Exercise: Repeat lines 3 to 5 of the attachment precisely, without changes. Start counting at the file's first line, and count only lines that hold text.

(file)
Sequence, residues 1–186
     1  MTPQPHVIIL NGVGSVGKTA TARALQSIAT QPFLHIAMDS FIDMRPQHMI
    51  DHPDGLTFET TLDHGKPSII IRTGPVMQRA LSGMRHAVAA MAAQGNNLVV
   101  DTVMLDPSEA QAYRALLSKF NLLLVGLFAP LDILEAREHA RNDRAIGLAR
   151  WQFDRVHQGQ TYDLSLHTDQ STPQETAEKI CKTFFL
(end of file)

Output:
    51  DHPDGLTFET TLDHGKPSII IRTGPVMQRA LSGMRHAVAA MAAQGNNLVV
   101  DTVMLDPSEA QAYRALLSKF NLLLVGLFAP LDILEAREHA RNDRAIGLAR
   151  WQFDRVHQGQ TYDLSLHTDQ STPQETAEKI CKTFFL